There’s also the fact that Brazil remains a staunchly nationalist, and in many ways, closed country. Hiring a foreigner to lead the team at their home World Cup would be unthinkable to many. Perhaps not to the average fan, who has a more worldy view of the game, but certainly to the octogenarians who run the CBF.
I still think they were wrong to sack Mano Menezes given that his team was starting to come good. They really need a sure fire name to take them into 2014.
Guardiola would be one.
Brazil fire Mano Menezes as manager and with it they become more like Chelsea and less likely to win the World Cup on home soil.
Menezes has struggled to beat the top teams and that is worrying. But recent form suggests he is getting closer to finding his ideal team and ideal formation.
The ridiculous thing about this is that Mano’s critics want a more expansive style of play, more attacking and more goals.
They know nothing about football. They have been crying out for the return of Luiz Felipe Scolari or for Tite to take over. Both of those managers are winners (as Menezes was) but they practice dour, defensive football.
They are not the answer.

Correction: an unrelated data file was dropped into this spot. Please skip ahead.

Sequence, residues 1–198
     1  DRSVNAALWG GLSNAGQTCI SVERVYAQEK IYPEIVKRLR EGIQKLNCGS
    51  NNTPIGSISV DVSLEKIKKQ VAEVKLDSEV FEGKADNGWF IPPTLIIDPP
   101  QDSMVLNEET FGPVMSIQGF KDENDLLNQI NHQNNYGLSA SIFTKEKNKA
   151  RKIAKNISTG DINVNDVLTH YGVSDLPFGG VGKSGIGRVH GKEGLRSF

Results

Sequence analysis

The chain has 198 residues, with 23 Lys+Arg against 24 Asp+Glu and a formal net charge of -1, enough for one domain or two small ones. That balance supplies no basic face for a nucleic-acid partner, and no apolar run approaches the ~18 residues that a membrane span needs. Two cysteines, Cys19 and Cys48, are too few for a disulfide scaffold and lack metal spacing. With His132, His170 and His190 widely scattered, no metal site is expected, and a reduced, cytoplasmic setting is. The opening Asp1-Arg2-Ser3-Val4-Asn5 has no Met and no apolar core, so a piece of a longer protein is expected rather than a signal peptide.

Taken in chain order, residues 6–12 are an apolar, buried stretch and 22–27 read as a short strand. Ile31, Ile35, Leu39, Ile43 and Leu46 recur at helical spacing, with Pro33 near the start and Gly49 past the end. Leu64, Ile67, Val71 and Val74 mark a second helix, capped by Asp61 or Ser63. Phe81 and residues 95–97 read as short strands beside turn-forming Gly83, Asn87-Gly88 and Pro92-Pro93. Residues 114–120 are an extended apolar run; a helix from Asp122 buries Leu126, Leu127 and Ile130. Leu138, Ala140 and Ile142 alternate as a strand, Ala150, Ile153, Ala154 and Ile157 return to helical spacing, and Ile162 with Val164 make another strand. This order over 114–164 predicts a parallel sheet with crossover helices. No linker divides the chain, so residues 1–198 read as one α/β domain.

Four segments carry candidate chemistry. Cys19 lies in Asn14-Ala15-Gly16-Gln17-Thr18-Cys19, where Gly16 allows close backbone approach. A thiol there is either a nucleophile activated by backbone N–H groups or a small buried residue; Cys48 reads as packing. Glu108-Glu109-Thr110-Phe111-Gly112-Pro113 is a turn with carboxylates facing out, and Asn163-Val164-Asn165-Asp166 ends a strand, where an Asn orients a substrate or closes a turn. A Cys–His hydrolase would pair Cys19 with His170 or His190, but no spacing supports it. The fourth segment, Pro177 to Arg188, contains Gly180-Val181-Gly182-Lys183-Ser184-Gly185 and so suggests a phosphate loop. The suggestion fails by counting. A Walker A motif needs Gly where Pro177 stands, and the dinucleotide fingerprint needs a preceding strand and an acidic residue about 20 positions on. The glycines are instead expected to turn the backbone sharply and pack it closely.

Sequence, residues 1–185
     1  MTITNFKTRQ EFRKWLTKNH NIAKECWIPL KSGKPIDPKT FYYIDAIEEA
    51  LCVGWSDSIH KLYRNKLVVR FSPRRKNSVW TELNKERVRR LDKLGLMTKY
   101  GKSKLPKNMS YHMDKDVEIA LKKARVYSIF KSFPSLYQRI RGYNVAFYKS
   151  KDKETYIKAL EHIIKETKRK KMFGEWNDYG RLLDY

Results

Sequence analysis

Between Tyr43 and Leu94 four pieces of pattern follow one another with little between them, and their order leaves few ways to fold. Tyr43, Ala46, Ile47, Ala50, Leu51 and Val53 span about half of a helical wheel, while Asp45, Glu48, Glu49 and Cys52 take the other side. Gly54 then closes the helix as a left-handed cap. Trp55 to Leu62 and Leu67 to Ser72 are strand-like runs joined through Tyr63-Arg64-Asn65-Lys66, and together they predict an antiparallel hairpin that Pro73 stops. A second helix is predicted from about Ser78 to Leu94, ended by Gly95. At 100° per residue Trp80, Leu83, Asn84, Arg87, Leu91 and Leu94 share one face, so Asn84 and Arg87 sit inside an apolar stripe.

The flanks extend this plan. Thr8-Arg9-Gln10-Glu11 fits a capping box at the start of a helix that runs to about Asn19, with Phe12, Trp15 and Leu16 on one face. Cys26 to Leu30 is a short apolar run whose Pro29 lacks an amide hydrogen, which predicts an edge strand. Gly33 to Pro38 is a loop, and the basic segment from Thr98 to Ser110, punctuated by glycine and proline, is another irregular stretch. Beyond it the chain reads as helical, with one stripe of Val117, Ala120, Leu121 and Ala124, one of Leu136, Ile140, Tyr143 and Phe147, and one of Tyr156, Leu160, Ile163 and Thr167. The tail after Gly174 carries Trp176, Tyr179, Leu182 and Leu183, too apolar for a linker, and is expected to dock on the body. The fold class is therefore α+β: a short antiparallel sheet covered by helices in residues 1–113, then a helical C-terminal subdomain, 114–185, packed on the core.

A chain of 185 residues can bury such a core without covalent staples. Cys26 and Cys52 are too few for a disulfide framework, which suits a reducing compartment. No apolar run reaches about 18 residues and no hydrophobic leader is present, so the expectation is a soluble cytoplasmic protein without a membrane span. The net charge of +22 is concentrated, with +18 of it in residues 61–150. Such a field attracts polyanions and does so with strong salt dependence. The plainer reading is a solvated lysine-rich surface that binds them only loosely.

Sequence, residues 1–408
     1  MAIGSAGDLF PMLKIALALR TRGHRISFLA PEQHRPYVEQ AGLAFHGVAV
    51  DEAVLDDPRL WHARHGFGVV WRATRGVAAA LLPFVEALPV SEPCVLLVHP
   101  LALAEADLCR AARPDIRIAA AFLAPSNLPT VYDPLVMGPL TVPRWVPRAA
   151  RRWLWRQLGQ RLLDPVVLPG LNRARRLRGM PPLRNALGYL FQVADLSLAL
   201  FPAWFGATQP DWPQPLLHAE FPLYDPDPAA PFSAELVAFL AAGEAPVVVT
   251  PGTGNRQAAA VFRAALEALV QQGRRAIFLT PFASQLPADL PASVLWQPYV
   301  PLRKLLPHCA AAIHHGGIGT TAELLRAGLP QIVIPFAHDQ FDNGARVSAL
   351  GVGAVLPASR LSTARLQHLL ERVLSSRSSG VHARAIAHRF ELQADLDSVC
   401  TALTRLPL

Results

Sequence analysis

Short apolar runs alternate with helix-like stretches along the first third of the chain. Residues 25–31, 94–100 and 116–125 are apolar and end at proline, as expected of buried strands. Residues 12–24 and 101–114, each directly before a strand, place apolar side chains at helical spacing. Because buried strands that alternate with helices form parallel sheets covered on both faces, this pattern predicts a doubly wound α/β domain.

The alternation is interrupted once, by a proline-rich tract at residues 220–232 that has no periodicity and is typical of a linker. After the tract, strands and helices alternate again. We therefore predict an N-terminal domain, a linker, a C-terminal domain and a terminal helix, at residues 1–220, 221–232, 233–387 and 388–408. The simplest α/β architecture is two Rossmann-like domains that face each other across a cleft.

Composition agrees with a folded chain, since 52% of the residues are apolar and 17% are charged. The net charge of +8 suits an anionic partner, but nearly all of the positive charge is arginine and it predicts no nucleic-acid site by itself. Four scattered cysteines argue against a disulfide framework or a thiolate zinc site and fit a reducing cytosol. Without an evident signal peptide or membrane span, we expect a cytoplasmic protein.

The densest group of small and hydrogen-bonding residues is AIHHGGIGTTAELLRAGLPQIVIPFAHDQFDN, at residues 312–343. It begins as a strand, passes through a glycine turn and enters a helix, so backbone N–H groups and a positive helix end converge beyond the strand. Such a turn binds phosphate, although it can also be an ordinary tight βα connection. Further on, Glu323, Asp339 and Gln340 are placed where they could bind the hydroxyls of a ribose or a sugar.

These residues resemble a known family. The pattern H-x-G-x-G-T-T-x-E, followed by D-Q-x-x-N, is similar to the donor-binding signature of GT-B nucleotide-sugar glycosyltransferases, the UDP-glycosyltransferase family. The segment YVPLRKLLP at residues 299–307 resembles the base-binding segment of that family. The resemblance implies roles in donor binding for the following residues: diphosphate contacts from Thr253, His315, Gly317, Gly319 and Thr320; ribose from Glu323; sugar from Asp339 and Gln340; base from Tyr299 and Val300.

Once again, impatience has won out in football.
Fluminense stars Fred and Diego Cavalieri got a just reward for their fine performances in helping Flu win the Brazilian league today by being called up to the Brazil team to face Argentina at La Bombonera on Nov. 21.
The match was hastily rescheduled after last month’s encounter was postponed because of a floodlight failure.
Only home-based players are chosen for the game and the Fluminense pair are not the only surprises in Mano Menezes’ squad.
Botafogo midfielder Fellype Gabriel wins a first call up, as does Durval, Santos’ 32-year old centre half.
The squad contains five players from Fluminense, four from Atletico Mineiro and three each from Corinthians and Santos.
The full list
Goalkeepers: Jefferson (Botafogo) and Diego Cavalieri (Fluminense).
Full backs: Marcos Rocha (Atlético-MG), Lucas Marques (Botafogo), Carlinhos (Fluminense) and Fábio Santos (Corinthians).
Central defenders: Réver (Atlético-MG), Durval (Santos) and Leonardo Silva (Atlético-MG).
Defensive midfielders: Arouca (Santos), Paulinho (Corinthians), Jean (Fluminense) and Ralf (Corinthians).
Attacking midfielders: Thiago Neves (Fluminense), Bernard (Atlético-MG) and Fellype Gabriel (Botafogo).
Forwards: Neymar (Santos), Leandro Damião (Internacional) and Fred (Fluminense)
Brazil won the right to host the 2014 World Cup five years ago yesterday.
Since that decision was made, Brazil’s politicians have repeatedly assured us the tournament would be organised efficiently, transparently and with a minimum of cost to the taxpayer.
“The event will have total transparency,” said President Lula. “We are going to put on an unforgettable World Cup. That’s the commitment. You can hold us to it.”
“Public money isn’t going to be used for the World Cup,” said Ricardo Teixeira, the former head of the CBF.
“There won’t be one cent of public money used to build stadiums,” said then Sports Minister Orlando Silva.